Some particularity has been observed in stating the defense
in order that the respondents may have the full benefit of the position they have assumed.
Two witnesses only were examined on the part of the libellants in respect to the circumstances of the disaster. In the district court a decree was entered for the libellants allowing them the full value of their vessel and cargo, and on appeal to the circuit court that decree was affirmed. Whereupon the respondents appealed to this Court.
From the pleadings and evidence, it satisfactorily appears that the Henry R. Smith was a schooner of one hundred and thirty-four tons, and that she was laden with oysters and bound on a voyage to New Haven, in the State of Connecticut. She was a stanch vessel, well manned and equipped, showed a proper light at the time of the collision, and had a sufficient and competent lookout. On the other hand, the Fannie Crocker was a schooner of two hundred and twenty-two tons, sailing in ballast, and was bound on a voyage from Dighton, in the State of Massachusetts, to Baltimore, in the State of Maryland. Like the other vessel, she was stanch, and well manned and equipped, but failed to show a light at the time of the collision, and had no sufficient lookout stationed on any part of the vessel. All of the witnesses state that the night was clear, and that there was no difficulty in seeing objects without lights at considerable distance. They mention no circumstance tending to authorize the conclusion that the collision can be justified or excused on account of the character of the night or the difficulties of the navigation. Occurring, as it did, inside of the capes, in the open bay, of a clear night, with no difficulties to encounter, except a fresh breeze from the northwest, it is obvious that one or both of the vessels must be in fault. They were both sailing in the same general direction, but the vessel of the respondents, being in ballast, and the larger of the two, was moving through the water at the greater speed. She was astern of the other vessel, and somewhat to the windward, but was sailing on a line converging to the track of the other vessel; and both vessels were close hauled on the wind.
Terry, the mate of the libellant's vessel, says when he first
saw the other schooner, she was half a mile distant on the weather quarter. At that time both vessels were on the wind and standing the same way to the northward and eastward. According to his account, the vessel of the respondents sailed faster than the vessel of the libellants, and ran down until she got abreast of her to the windward, when she was about fifty rods distant. He also states, that when they first saw that she was coming down on them, they put the helm of their vessel up, and tried in every way to keep clear of her, but could not, as she had fallen off from her course, and was then before the wind.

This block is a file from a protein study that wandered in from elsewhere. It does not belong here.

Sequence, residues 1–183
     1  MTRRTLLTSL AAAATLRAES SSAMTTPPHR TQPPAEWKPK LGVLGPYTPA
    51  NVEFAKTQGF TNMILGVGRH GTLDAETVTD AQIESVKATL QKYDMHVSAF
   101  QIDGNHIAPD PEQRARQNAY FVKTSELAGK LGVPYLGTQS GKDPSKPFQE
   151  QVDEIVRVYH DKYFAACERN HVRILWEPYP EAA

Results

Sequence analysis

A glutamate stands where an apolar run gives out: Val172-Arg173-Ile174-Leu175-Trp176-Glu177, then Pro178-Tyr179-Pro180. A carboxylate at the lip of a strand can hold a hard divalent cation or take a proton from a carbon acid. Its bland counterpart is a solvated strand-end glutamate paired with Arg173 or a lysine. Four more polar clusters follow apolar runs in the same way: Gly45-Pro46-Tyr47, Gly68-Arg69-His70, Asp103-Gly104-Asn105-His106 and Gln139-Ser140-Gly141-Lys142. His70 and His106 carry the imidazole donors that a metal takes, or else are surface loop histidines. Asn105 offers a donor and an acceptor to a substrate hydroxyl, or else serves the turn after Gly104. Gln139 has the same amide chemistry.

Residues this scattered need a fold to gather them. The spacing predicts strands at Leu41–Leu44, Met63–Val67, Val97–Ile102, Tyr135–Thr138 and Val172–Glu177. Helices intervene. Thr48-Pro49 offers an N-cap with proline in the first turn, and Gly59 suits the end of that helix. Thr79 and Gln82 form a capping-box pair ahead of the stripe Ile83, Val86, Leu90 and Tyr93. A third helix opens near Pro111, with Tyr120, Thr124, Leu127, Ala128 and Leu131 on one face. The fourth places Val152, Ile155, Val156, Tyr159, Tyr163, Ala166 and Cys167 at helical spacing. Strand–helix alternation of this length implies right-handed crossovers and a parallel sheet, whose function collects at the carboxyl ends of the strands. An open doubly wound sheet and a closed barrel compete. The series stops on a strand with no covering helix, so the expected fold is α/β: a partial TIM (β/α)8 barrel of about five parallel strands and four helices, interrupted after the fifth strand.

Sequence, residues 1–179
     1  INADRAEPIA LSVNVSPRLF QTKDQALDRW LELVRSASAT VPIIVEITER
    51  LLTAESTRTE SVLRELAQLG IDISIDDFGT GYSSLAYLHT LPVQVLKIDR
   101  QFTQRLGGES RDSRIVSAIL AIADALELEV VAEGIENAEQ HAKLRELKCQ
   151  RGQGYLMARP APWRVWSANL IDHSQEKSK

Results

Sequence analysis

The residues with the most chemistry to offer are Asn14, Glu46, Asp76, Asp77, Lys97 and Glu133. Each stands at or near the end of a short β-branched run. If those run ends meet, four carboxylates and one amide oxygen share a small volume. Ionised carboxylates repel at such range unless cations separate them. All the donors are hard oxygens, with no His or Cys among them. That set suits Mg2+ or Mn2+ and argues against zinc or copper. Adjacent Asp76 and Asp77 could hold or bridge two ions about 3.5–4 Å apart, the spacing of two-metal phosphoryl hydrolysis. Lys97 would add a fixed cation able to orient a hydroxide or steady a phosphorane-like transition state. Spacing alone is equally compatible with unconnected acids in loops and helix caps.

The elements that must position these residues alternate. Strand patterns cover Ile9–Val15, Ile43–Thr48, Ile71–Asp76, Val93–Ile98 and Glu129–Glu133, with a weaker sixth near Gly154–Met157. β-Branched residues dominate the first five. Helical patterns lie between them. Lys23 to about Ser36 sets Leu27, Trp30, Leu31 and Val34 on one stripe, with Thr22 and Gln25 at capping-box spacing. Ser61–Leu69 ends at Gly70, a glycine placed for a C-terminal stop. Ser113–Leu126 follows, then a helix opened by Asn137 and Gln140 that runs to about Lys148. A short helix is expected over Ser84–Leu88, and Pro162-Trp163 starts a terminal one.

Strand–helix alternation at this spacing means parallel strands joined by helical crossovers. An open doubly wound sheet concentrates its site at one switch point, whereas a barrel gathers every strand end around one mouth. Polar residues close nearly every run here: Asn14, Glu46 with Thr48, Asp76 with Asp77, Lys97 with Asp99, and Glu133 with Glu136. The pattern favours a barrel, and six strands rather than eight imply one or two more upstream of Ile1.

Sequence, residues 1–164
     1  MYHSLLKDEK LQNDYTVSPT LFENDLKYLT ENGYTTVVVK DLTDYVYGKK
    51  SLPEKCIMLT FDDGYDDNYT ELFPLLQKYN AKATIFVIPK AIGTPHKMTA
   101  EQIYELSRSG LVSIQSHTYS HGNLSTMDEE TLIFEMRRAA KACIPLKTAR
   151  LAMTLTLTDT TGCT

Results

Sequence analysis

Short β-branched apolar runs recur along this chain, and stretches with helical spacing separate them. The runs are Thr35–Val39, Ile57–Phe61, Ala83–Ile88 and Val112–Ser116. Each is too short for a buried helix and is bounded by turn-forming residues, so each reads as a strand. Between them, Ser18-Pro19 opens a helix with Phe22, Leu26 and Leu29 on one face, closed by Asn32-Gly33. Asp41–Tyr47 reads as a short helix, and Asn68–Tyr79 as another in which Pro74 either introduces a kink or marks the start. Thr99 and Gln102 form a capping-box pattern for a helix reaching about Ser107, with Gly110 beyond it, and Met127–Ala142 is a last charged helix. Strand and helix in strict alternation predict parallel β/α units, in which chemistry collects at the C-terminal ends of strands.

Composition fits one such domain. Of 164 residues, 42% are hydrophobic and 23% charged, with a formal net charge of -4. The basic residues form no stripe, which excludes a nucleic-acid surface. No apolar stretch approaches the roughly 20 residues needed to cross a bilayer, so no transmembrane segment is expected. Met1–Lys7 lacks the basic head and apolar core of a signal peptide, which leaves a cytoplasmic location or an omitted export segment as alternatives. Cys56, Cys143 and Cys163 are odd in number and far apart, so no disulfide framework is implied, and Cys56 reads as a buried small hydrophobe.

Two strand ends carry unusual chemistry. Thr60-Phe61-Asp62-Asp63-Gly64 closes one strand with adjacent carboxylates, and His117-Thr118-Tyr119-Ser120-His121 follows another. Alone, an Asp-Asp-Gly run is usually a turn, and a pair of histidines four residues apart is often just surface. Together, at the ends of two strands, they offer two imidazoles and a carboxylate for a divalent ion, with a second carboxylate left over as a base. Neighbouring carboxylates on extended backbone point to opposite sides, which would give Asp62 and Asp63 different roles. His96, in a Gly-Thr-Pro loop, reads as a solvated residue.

Another witness (a seaman) was also examined by the libellants. His testimony substantially confirms the mate, and clearly shows that the vessel of the libellants was ahead, and that the other vessel was to the windward, and moving through the water much faster than the vessel of the libellants.
Both witnesses testify in effect that the approaching vessel, when she was nearly abreast of their vessel, fell off and struck the vessel of the libellants on the larboard quarter, as alleged in the answer. The both affirm that they had a sufficient and competent lookout and proper lights.
Several witnesses were also examined on the part of the respondents. Their account of the circumstances attending the disaster differs in several particulars from that given by the witnesses examined by the libellants. They all agree, however, that the vessel of the libellants was not seen by anyone on board their vessel until she was so near that all efforts on their part to prevent a collision were unavailing.
In effect, they also admit that their vessel, at the time of the collision, had no lookout engaged in the performance of that duty. On this latter point, the master says that he had directed the steward, a colored man, to keep a lookout, and adds that he was somewhere about the main deck. But all hands had been called to haul in the mainsail, and the second mate states that he first saw the vessel of the libellants while he was engaged with the other hands in endeavoring to accomplish that object. When he saw the vessel, he says she was only about three times the length of his vessel off.
At that time, all the hands except the steward were aft the mainsail, where they could not see the other vessel without changing their position. She was first described by the second mate as he stepped up on to the "lazy board," so called, in order to haul up the damaged sail. He then cried out to the master to put the helm down, but the mate at the same time sung out to put the helm up. In this confusion, the master adopted the suggestion of the mate, and he admits that the steward, when the alarm was given, came running aft, and assisted him in changing the helm.
Two other witnesses state that the steward assisted the master in putting up the helm, and one of them says that no particular person was keeping watch, and attempts to justify the neglect upon the ground that it is not customary to have a man forward when all hands are called to take in the sails.